Things You Should Know Before You Buy Long-Term Care Insurance
Long-Term Care Insurance - A long-term care insurance policy may pay most
of the costs of care in a nursing home. Many policies also pay for care at home
or other community settings. Since policies can vary in coverage, you should
read the policy and make sure that you understand what it covers before you buy
it. You should not buy a long-term care policy unless you can afford to
pay the premiums every year. Remember that the company may increase premiums in
Personal Worksheet- The personal worksheet includes questions designed to
help you and the company determine whether this policy is suitable for your
Medicare - Medicare does not pay for most long-term care.
Medicaid - Medicaid will generally pay for long-term care if you have
very little income and few assets. You probably should not buy this
policy if you are now eligible for Medicaid.
Many people become eligible for Medicaid after they have used up their own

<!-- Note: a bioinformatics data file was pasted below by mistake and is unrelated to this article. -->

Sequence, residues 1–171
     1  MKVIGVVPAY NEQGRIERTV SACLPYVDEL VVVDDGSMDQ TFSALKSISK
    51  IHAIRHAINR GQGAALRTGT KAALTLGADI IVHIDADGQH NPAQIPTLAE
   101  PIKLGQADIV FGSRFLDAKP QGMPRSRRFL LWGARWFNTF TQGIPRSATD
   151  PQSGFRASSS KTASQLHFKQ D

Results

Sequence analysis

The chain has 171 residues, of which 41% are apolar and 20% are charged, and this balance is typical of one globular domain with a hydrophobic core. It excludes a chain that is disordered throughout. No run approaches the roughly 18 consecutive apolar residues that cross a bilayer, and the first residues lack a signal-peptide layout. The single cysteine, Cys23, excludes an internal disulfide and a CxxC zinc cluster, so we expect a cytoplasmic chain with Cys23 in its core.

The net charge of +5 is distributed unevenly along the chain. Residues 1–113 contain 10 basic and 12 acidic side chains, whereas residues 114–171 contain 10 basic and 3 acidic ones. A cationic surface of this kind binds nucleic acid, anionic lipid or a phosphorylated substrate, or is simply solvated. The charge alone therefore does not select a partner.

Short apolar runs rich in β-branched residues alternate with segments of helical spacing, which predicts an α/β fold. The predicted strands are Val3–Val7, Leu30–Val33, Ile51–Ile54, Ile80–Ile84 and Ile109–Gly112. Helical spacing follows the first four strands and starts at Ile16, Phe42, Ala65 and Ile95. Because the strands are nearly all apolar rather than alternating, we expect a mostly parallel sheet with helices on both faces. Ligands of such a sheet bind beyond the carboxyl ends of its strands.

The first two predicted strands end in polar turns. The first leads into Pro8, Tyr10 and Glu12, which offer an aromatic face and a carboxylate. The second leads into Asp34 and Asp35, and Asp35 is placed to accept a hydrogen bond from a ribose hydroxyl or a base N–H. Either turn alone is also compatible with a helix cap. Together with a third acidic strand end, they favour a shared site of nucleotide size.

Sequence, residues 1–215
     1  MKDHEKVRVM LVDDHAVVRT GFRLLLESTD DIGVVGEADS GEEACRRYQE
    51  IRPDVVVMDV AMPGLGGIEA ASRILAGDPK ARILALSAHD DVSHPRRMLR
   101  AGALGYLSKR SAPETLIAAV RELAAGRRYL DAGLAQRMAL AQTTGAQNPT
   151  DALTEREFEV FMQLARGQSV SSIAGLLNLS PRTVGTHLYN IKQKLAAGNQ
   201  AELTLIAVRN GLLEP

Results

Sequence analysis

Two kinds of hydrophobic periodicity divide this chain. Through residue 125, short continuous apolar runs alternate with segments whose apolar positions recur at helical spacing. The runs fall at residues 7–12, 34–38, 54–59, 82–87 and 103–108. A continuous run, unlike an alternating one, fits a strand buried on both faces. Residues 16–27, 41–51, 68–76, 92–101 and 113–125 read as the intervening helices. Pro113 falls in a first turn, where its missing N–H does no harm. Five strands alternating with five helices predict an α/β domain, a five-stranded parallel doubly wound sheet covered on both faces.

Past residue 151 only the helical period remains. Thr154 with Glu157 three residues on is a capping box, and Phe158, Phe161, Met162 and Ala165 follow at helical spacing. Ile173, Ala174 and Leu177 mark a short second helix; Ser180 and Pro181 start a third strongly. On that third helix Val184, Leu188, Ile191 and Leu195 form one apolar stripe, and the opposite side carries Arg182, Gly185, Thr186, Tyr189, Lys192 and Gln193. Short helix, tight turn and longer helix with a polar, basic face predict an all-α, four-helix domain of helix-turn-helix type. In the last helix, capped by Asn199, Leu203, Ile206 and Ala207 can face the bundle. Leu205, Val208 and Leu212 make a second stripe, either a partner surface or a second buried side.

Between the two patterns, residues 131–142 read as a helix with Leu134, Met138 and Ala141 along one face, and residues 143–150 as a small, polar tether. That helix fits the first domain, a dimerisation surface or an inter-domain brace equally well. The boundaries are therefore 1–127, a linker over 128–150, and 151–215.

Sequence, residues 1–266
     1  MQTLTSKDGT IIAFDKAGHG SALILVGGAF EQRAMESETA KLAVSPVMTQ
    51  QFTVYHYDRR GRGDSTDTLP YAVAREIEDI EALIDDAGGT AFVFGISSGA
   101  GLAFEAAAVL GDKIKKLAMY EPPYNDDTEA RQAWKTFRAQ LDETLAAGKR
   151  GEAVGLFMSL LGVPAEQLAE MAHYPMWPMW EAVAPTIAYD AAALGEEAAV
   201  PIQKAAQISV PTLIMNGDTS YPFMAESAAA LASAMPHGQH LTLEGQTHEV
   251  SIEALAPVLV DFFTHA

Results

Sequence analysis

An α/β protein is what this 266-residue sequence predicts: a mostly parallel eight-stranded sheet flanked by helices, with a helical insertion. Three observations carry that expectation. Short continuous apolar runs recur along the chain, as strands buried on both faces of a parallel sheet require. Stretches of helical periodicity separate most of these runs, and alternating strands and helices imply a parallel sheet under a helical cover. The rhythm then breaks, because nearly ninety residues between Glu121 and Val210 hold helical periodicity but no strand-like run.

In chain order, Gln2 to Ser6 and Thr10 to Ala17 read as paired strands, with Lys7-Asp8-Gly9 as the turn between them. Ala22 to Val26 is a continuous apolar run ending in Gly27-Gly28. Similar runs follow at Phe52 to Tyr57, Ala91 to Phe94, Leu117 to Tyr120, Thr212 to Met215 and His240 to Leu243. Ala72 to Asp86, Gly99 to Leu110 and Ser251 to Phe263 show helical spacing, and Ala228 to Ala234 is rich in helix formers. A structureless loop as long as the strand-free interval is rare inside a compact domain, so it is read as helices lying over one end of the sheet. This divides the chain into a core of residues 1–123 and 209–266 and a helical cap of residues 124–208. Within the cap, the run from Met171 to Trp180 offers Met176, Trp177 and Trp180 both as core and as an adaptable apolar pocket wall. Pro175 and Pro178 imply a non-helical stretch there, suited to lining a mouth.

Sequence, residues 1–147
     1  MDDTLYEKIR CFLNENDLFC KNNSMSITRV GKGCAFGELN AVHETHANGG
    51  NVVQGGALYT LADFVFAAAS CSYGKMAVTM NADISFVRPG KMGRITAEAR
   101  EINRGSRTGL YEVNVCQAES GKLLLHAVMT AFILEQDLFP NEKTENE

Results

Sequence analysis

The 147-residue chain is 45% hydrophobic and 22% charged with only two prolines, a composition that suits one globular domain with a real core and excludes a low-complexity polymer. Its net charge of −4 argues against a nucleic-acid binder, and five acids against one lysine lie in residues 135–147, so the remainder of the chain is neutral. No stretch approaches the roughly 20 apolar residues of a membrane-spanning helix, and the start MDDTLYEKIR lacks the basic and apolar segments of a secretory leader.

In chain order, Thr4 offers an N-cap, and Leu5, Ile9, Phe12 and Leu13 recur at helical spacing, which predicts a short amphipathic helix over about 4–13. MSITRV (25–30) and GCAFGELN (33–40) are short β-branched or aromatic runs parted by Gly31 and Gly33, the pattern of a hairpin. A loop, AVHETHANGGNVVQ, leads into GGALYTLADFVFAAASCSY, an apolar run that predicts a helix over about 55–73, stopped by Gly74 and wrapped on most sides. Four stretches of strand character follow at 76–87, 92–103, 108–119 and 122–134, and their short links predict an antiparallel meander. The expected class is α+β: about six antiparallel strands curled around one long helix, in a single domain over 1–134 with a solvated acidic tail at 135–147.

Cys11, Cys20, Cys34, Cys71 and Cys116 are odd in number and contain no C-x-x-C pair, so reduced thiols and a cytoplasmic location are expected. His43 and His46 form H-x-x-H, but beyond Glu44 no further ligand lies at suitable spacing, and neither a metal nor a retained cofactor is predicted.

financial resources by paying for long-term care services.
When Medicaid pays your spouse's nursing home bills, you are allowed to keep
your house and furniture, a living allowance, and some of your joint assets.
Your choice of long-term care services may be limited if you are receiving
Medicaid. To learn more about Medicaid, contact your local or state Medicaid
Shopper's Guide- Make sure the insurance company or agent gives you a
copy of a book called the National Association of Insurance Commissioners'
Shopper's Guide to Long- Term Care Insurance. Read it carefully. If you have
decided to apply for long-term care insurance, you have the right to return the
policy within 30 days and get back any premium you have paid if you are
dissatisfied for any reason or choose not to purchase the policy.
Counseling - Free counseling and additional information about long-term
care insurance are available through your state's insurance counseling program.
Contact your state Senior Health Insurance Benefits Advisor (SHIBA) in your